Draft Values:

Criterion

Values

Rating

A Events, Processes

Cascades Female Factory is highly significant because of its association with the lives of convict women, its demonstration of the changing philosophies of punishment and reform as they relate to women and as a place of tremendous suffering and inhumane treatment. 
 
Convict women made a significant contribution to the development of the colonies.  They contributed their labour and their presence was regarded as contributing to social cohesion and stability and they populated the colonies.
 
Over half of the 25 000 convict women sent to Australia were sent to Van Diemen’s Land, the majority spending some time at Cascades Female Factory as it was the primary site for the reception and incarceration of women convicts. It was one of the colony’s longest running penal institutions operating from 1828 to 1856. 
 
Female factories were a unique colonial response to the management of convict women, one that reflects both moral and penal philosophies.  The factories were multifunctional but were intended largely for reform.  They operated as places of work, places of punishment, hiring depots and places of shelter for women between assignments and those who were sick, infirm or pregnant. 
 
The high exterior walls surrounding Yards 1, 3 and 4 south remaining at Cascades Female Factory demonstrate the need to isolate convict women from negative influences and in turn protect society from their corrupting influence.  The matron’s cottage at Yard 4 South demonstrates its function both as the residence of the administrator and a model for civil society.
 
Cascades Female Factory had a range of infrastructure associated with its different functions, most of which is now archaeological remains.  Yard 1 which was initially the full extent of the factory is thought to contain subsurface evidence of convict dormitories, twelve solitary cells, chapel, staff quarters, and separate courtyards and buildings for the nursery, hospital, kitchen and punishment, crime and hiring classes. 
 
The changing approaches to punishment and reform are demonstrated in the move from convict dormitories in Yard 1 to the solitary apartments in Yard 3 built in 1845 which survive as sandstone footings and subfloor cavities.  Isolation from fellow convicts was considered in the time of the probation system to be conducive to repentance and reform.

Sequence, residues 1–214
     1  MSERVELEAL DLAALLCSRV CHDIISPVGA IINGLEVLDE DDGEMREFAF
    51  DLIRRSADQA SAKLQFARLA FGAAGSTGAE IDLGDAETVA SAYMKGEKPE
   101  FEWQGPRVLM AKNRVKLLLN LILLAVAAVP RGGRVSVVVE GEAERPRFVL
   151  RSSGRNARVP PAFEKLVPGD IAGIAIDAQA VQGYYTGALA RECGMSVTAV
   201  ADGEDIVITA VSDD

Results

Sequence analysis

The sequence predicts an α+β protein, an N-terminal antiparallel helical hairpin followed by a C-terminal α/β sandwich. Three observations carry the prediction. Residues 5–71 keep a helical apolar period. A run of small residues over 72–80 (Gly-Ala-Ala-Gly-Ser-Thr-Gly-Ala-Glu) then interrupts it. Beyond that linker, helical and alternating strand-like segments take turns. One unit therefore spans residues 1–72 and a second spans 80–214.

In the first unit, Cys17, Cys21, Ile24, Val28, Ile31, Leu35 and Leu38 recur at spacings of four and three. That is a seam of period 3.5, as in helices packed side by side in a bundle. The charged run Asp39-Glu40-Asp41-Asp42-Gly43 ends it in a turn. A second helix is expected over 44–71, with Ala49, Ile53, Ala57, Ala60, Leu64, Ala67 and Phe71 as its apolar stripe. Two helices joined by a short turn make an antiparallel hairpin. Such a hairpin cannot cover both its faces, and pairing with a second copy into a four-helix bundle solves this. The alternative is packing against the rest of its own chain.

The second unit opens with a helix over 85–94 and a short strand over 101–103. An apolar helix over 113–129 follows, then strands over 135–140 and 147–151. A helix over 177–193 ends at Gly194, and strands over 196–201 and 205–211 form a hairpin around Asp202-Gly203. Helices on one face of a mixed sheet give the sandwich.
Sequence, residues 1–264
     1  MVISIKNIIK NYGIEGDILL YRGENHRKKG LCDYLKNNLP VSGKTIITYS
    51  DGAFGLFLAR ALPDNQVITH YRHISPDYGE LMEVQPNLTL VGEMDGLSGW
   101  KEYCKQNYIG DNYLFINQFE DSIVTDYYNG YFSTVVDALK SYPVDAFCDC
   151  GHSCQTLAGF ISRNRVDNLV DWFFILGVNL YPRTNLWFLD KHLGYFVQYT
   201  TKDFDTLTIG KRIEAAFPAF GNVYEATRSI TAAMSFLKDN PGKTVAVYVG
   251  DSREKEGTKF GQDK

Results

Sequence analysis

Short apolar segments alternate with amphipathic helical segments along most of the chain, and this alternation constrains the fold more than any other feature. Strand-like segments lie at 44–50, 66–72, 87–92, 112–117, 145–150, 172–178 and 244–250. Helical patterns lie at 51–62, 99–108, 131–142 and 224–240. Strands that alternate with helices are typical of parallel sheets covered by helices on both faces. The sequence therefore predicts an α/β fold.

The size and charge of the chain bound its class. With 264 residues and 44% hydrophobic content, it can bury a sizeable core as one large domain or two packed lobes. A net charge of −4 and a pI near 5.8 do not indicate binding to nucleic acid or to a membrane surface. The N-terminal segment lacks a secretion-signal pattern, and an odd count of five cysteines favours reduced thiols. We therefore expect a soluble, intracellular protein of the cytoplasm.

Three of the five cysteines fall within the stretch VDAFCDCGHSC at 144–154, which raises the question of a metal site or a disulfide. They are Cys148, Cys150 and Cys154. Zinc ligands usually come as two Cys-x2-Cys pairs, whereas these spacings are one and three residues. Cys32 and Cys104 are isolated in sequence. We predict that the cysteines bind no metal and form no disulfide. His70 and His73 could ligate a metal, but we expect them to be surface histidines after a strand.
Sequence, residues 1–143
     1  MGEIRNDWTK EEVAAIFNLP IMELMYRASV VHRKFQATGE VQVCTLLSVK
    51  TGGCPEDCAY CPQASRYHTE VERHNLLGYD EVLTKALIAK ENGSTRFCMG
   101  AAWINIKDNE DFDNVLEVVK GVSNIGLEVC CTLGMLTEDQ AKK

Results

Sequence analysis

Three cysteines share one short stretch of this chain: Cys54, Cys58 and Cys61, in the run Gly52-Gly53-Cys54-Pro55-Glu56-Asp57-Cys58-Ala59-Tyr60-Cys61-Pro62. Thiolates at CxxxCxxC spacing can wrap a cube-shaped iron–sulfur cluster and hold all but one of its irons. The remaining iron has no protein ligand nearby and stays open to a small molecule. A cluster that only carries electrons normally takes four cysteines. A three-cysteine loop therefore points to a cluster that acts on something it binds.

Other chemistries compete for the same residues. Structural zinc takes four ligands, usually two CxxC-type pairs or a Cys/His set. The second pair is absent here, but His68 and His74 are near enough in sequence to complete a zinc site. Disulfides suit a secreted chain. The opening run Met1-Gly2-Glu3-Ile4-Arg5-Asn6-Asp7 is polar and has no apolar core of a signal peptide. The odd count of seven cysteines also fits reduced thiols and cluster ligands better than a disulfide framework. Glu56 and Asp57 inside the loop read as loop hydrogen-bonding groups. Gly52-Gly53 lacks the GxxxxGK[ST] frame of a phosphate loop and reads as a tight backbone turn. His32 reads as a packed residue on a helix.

Cascade Female Factory is highly significant as a site of great suffering.  Its appalling living conditions and excessively high infant mortality were the subject of numerous inquests and inquiries.  Unlike any other penal institution, the suffering fell disproportionately on children and poor women and was not the result of punishment regimes.  Although the causes of suffering and the management regimes are very different, it can be considered along with Norfolk Island as a place of harshness and inhumanity.
 

AT

B Rarity

Cascades Female Factory is rare as the only remaining female factory with substantial extant visible fabric. The remaining walls in particular evoke a sense of the isolation, control and harshness experienced by women convicts and their children.
 
Cascades Female Factory as represented by Yards 1, 3 and 4 south is also uncommon in its extensive sub-surface occupational deposits which reflect the evolution of the Female Factory, and the later phases of its use.
 

AT

C Research

Yards 1, 3 and 4 south are largely unexcavated and have considerable archaeological and research potential.  There are also extensive documentary and pictorial collections associated with the site.  The archaeological potential along with the documentary and pictorial collections can significantly add to the knowledge and understanding of convict women and their children which is an emerging area of study and scholarship.
 

AT

G Social value

Cascades Female Factory is highly valued by community groups and historians as a place that reflects the significant story of convict women.  The absence of intact historic sites and fabric associated with convict women makes what remains at Cascade Female Factory very important.
 
The place has become an important catalyst for academic and community interest in the important role convict women played in the development of the colonies.  Cascades Female Factory site is also valued as important part of the wider story of women in Australia.
 

AT

Historic Themes:

Nominator's Summary of Significance: